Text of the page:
It was late at night after the Good Friday service. I had planned to stay through to the midnight candle-lighting, but I kept falling asleep so decided to head home early.
When I saw her standing along the busy street, I immediately started going over Romanian phrases in my head. “Isus te iubeşte, Jesus loves you” and “Nu e viaţa, this isn’t life” were the two that seemed easiest and most intelligible. But then selfishness crept in, so I decided to lower my head and just hurry past without making eye contact.
As I approached, though, her need for money made my selfish attempt to ignore her fall on its face. She stepped right in front of me and blocked my path.
I don’t know if I’ll ever know what she first said as she wasn’t looking directly at me and her words came out in mumbles, but her following hand motions made her proposition clear. There are some things you really don’t need any translation for. Trust me.
I hurriedly gave my standard line, “Nu inţeleg româneşte foarte bine. I don’t understand Romanian very well.” I hoped that would take care of the issue, but she merely accentuated the hand motions. So, thinking quickly, I added, “Nu… Nu… No… No…”, thinking that would settle things.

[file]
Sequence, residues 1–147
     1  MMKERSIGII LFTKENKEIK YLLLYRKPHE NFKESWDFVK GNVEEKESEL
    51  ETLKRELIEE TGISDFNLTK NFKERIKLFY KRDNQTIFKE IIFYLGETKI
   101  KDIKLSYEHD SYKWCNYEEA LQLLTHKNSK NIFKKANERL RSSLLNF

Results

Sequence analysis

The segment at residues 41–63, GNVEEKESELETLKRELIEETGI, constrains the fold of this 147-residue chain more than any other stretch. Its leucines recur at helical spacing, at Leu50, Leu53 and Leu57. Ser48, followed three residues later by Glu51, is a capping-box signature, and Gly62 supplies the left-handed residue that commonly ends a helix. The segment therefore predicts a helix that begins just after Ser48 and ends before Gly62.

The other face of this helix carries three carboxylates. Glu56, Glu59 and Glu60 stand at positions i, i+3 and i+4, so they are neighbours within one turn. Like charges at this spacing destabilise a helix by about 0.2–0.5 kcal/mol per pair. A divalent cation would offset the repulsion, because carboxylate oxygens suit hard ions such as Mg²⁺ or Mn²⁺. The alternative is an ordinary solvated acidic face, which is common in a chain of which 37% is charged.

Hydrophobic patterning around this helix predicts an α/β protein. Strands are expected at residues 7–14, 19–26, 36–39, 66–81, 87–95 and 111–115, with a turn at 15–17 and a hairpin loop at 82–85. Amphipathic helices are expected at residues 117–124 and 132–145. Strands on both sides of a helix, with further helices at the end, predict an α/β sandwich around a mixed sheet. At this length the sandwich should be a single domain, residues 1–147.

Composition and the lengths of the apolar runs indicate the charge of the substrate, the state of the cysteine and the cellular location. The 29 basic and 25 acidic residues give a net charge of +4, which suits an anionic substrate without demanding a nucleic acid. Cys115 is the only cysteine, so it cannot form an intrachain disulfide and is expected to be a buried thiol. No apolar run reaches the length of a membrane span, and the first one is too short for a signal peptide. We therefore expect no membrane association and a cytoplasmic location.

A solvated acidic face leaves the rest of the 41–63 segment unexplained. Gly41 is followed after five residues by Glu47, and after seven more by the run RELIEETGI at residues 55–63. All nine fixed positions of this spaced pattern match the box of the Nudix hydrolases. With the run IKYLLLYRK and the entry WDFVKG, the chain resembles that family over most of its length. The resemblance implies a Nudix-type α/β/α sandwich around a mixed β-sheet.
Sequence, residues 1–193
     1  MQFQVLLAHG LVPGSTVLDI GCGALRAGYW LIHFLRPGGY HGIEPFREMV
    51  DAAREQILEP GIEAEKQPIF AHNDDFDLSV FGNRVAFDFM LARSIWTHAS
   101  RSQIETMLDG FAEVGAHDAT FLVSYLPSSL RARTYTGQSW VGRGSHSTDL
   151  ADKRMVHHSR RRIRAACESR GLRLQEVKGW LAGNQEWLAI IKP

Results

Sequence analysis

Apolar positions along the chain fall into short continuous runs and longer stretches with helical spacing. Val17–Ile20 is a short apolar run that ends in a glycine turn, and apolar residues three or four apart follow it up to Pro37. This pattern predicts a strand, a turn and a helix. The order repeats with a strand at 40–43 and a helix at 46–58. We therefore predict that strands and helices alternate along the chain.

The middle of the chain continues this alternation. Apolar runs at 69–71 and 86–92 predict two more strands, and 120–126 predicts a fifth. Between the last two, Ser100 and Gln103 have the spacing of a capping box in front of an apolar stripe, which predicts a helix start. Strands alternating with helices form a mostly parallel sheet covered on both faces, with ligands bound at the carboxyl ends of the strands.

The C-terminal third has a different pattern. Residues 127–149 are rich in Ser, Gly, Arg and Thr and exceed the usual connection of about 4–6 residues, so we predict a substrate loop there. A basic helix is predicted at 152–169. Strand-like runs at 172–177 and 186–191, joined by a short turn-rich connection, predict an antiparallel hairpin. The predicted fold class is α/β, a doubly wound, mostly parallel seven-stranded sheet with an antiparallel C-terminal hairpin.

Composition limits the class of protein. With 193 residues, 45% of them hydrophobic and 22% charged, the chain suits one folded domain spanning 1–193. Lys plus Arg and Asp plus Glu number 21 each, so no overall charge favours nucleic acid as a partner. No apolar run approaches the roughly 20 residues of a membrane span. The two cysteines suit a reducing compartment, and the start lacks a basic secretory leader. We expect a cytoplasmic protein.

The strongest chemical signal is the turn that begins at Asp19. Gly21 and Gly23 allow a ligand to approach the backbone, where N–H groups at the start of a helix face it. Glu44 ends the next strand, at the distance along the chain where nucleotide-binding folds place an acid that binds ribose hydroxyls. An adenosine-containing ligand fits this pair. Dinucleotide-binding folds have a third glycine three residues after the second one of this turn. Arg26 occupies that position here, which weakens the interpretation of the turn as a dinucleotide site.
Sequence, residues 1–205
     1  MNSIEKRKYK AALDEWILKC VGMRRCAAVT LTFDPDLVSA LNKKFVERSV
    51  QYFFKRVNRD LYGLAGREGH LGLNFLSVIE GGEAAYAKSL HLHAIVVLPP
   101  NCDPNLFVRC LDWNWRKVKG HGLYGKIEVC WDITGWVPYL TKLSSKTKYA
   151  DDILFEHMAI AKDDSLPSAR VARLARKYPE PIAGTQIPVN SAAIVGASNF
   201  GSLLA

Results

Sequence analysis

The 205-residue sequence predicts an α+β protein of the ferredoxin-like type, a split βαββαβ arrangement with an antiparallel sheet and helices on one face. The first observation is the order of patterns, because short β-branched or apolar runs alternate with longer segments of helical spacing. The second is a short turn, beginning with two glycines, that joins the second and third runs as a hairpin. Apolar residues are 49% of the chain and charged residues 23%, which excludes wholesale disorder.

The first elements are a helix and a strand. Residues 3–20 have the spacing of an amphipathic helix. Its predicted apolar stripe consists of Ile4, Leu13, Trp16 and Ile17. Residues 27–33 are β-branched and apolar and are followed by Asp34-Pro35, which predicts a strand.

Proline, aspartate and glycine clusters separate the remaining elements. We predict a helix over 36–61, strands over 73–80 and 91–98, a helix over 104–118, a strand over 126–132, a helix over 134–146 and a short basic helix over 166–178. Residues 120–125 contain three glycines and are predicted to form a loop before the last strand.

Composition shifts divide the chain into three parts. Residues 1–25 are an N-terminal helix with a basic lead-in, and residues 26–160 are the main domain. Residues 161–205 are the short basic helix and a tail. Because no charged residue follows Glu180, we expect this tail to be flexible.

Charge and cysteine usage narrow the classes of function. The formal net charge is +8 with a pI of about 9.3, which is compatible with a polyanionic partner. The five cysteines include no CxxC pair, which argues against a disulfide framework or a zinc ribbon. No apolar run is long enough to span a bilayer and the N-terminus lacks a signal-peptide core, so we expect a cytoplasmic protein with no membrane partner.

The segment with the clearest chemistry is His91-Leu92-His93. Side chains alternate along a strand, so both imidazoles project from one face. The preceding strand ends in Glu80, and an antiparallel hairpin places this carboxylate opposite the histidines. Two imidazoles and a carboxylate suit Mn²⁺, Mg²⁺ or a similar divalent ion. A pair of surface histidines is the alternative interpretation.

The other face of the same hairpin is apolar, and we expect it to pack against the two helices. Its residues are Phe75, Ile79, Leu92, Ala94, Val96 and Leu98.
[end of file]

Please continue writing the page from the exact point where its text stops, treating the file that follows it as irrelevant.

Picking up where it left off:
But instead she asked me, “De ce? Why?”
And I realized I had just walked into an ambush, a God ambush. I ended up getting to share a bit of the gospel with her in very broken Romanian. I don’t know how much sense I made, and even now I’m recalling better things I could have said, but I hope she got the heart of it anyhow.
Before our conversation ended, I asked her, “Cum te cheama? What’s your name?” After a pause, she replied, “Ileana” and then turned back to her street and the potential buyers that were rushing past in their expensive cars. When she said it, it sounded like “Illiana,” my niece’s name.
Afterwards, thinking about what I should have said, I remembered who was standing at the foot of the cross on that first “Good Friday” two thousand years ago. And I remembered who ran to his grave site two days later before the sun had yet even risen above the horizon to give light to the world. And I remembered who it was that first saw his resurrected body and reached desperately just to touch him once again.
Mary Magdalena, the prostitute forgiven of her past and desperate for Jesus.
Two thousand years ago on that first Good Friday–after the thousands had left him, after the seventy had left him, after even the twelve had left him–she remained there at the foot of the cross, awestruck by this man who loved like no other.
Please pray for Ileana. She is worth far more than the bits of paper she receives each night. Pray for Jesus to open her heart to him.